The Leeds Golf Club held its seventh annual adult/youth tournament on June 22. Eighteen youth ages four to 19 took part in the tournament, which was sponsored by the Leeds Golf Club and area businesses. Participants were, left to right, back row, Brad Nelsen, Darren Young, Logan Gunderson, Matthew Pepple, Dustin Paulson, Ross Braun, Eric Schlieve and Trevor Torgerson. Third row: Jesse Hoffert, Brady Stoll, Dylan Torgerson, Daniel Harkness, Micheal Urness and Dallas Johnson. Second row: Lane Ritterman, Aidan Ritterman and Paige Johnson. The youngest golfer, Jax Ahlberg is in front.
Six Maddock natives took part in Fargo Marathon events held on May 17. Judy Kallenbach of Maddock, Eric and Brook (Kallenbach) Olson and Michael Sorlie, all of Gwinner and Kristi Tangelin of Fargo completed the 5K run and Becky Kallenbach of Fargo finished the half marathon. Pictured, from left to right, are Becky, Judy, Eric, Kristi, Michael and Brook.
The American Legion Post 86 of Minnewaukan recently received another donation to help with repair expenses for the Legion building.
Accepting the donation from Western State Bank President Gary Lochow, right, is Mark Motis, a member of the Legion post.
Amateur radio club has Field Day exercise
Benson County Amateur Radio Club members operated for 24 hours straight to participate in a national emergency radio communications exercise held June 28-29. The local ham club set up their new trailered tower at the Leeds park in a virtual gale, but there were no glitches; they only decided to let "discretion be the better part of valor" and not quite fully extend the tower to its full 33 foot height.
The new tower proved itself to be just what they needed: a safe way to erect their antennas without the need for about eight people, which is what the old tower required. This was a good rehearsal for the planned September 2008 "Roads Acting as Dikes" exercise that the amateur radio operators hope to participate in.
During this exercise, which is called "Field Day," the local hams contacted some 227 other amateur radio stations in 45 states (including Hawaii) and three Canadian provinces. They operated on emergency power from a generator, just as they might have to do in a real emergency, setting up their radios in their converted Federal Emergency Management Association (FEMA) trailer.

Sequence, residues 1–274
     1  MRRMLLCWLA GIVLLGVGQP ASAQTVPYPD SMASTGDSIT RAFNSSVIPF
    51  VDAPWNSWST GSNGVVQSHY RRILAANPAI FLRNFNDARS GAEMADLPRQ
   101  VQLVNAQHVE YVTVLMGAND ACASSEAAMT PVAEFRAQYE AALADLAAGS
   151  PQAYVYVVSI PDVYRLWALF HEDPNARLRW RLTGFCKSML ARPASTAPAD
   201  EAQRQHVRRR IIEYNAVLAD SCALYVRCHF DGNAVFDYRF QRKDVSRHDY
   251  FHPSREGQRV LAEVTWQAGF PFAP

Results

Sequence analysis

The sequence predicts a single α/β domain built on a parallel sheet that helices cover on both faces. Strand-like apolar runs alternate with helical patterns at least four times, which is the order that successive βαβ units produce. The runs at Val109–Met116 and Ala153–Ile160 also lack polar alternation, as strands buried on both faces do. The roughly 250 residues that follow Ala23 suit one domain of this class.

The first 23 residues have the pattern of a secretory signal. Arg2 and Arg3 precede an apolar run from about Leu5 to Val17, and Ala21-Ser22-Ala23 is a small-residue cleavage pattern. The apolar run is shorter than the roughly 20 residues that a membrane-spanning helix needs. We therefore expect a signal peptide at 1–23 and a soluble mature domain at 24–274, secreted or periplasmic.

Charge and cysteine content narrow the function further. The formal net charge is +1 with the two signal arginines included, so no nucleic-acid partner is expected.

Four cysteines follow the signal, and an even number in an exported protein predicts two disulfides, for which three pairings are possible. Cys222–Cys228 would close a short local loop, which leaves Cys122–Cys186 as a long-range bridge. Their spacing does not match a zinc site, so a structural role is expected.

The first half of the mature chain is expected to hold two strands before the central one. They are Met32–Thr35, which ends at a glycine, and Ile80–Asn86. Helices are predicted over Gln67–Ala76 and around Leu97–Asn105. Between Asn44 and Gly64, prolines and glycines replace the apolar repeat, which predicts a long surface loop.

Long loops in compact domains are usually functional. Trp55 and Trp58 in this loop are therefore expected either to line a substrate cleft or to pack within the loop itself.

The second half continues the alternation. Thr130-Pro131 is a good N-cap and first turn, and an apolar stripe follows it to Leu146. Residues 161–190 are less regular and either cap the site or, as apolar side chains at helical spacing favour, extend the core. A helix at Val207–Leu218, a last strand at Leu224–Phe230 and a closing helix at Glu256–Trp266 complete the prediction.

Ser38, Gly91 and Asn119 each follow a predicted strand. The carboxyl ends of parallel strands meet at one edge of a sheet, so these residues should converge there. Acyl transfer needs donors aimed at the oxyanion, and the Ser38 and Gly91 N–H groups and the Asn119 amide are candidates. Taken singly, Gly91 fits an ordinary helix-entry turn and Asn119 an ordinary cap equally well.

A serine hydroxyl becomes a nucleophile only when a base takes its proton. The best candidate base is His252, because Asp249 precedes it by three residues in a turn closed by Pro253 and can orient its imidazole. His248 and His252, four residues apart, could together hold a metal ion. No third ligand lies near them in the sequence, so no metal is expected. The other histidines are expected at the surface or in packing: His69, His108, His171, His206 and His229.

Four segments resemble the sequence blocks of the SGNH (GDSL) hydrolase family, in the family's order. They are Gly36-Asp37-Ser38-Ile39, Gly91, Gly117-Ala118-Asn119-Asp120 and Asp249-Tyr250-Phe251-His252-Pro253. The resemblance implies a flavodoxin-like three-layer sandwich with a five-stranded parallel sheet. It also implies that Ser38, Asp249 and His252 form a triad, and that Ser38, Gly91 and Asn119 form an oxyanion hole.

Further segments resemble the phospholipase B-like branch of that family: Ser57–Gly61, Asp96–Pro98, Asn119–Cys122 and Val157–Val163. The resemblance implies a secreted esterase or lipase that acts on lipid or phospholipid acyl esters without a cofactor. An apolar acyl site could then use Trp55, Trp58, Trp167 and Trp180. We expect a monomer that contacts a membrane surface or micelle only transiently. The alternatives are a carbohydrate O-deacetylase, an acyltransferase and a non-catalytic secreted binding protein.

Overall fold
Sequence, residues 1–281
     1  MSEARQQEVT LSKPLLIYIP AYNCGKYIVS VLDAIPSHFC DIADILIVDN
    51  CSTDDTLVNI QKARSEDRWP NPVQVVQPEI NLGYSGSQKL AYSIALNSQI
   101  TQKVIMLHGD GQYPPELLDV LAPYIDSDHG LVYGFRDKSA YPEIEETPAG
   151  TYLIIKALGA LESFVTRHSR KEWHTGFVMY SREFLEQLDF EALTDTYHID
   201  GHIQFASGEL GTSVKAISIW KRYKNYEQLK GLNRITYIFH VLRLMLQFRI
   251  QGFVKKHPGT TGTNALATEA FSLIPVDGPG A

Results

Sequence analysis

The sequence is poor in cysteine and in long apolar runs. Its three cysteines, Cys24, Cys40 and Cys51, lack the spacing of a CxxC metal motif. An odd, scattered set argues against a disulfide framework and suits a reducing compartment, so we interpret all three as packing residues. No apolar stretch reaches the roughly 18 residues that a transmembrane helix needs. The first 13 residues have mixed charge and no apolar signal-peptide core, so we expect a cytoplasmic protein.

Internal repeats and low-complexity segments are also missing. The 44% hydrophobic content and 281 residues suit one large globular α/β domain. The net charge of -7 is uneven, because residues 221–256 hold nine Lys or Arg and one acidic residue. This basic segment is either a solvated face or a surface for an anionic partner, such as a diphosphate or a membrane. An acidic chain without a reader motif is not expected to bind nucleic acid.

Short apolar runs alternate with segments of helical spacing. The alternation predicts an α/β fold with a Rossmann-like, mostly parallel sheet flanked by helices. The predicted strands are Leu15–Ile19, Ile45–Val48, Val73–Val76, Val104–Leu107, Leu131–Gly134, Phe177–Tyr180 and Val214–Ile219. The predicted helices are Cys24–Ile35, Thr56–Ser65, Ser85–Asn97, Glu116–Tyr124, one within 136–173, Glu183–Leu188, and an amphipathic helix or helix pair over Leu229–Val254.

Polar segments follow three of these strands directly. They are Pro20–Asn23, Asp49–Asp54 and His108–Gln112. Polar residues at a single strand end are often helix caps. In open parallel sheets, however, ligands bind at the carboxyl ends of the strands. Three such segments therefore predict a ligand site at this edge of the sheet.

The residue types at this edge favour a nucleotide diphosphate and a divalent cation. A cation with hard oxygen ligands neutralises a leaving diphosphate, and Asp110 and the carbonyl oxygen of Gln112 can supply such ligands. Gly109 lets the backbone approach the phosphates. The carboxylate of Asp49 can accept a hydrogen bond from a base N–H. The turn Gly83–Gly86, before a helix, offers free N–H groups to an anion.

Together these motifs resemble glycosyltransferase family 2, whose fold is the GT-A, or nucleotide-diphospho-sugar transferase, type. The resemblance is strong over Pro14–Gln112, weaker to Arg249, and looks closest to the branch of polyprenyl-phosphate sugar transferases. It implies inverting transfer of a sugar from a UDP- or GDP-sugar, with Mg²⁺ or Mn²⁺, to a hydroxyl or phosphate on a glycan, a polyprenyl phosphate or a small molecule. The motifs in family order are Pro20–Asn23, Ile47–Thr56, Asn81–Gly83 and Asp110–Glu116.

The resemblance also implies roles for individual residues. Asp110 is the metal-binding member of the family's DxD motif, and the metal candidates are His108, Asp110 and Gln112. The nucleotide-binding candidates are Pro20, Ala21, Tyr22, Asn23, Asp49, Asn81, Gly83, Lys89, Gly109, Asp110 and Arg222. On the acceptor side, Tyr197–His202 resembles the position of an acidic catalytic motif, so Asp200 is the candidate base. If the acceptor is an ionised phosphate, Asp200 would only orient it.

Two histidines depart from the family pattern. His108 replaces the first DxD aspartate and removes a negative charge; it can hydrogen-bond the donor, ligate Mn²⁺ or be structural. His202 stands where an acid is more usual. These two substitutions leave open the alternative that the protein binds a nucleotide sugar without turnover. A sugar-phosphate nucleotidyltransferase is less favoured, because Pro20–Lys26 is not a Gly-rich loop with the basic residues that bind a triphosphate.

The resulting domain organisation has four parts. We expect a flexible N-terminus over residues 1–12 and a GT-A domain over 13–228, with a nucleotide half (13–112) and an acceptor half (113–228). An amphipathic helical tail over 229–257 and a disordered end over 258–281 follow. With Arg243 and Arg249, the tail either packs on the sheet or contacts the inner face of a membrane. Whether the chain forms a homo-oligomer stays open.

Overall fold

Part of the purpose of Field Day is to make local officials aware of amateur radio communications capabilities in a disaster situation and the club got to do just that with visits from two Benson County commissioners, the mayor of Leeds and the Leeds fire chief. The public was also welcome and there were several visitors at the Field Day, including an amateur radio operator passing through Leeds on his way bicycling from the state of Washington to Maine.
The Benson County hams operated one of several participating Field Day sites in North Dakota, including sites at Grand Forks, Bismarck, Minot and Dickinson. Had this been a genuine emergency, the Benson County hams, like about 30,000 other participating amateur radio operators in the US and Canada, proved they could handle emergency communications without cell phones or telephones.
Participating in the Benson County radio exercise were James Armey of Cando; Gene Triebold of Devils Lake; Curt Lunde and Kevin Lunde of Leeds; Teran Hermanson of Harlow; Richard Budd of York; and Robert Tovsrud of Santa Monica, Calif.
Leeds Field Day site with antenna, emergency generator and communications trailer.
Jim Armey really did start the generator with one pull — after he pushed the on switch.
Curt Lunde operates the radio while Leeds Mayor Lloyd Himle looks on.
Pastor Rich Budd cranks up the radio tower.
Terry Hermanson readies the antenna rotator.
Scenes from Sheyenne’s 125th July 4 parade
A large crowd viewed the parade at Sheyenne celebrating the 125th anniversary of the town and an all-school reunion. These New Rockford High School graduates were dressed in patriotic colors. Left to right are Monica Reis, Lindsey Gedrose, Jenna Reis, Tracy Reis and Laura Anderson. (Farmers Press photo)
The Little German Band from New Rockford provided music during the parade. (Farmers Press photo)
Also providing music were these area musicians. On the keyboard is Russell Hanson of Sheyenne, Dennis Thompson of Devils Lake and Gary Westby of Sheyenne. (Photo by Merlin Foard)
This float for Sheyenne High School featured the Sheyenne Phantom. The float was put together by the Albrecht family. (Farmers Press photo)
Appearing in the Sheyenne parade in this electric vehicle were new UND president Robert Kelley and his wife, Marcia. In the back seat is UND vice present Robert Boyd, who is married to Sheyenne native Dawn Stedman. (Photo by Merlin Foard)
There were a number of beautiful vintage vehicles in the parade. Four of the more unusual are pictured. This is an old pickup owned and driven by Gene Woolley of Oberon. Former Oberon and Sheyenne resident Arlene Wetzel was a passenger. (Photo by Merlin Foard)
This beautiful Buick 4-door hardtop dates back to 1957. (Photo by Merlin Foard)
Here’s a 1959 Oldsmobile Ninety Eight. Look at that continental spare tire deck. (Photo by Merlin Foard)
This late 1950s Plymouth Fury was driven by Rep. Don Vigesaa of Cooperstown. (Photo by Merlin Foard)
"Small Town Spirit" was the theme of the vehicle driven by these two young ladies. Sponsor was the Sheyenne Post Office. (Photo by Merlin Foard)
"Small Town Pride" was the theme of the vehicle driven by this young fellow. Sponsor was the Sheyenne Post Office. (Photo by Merlin Foard)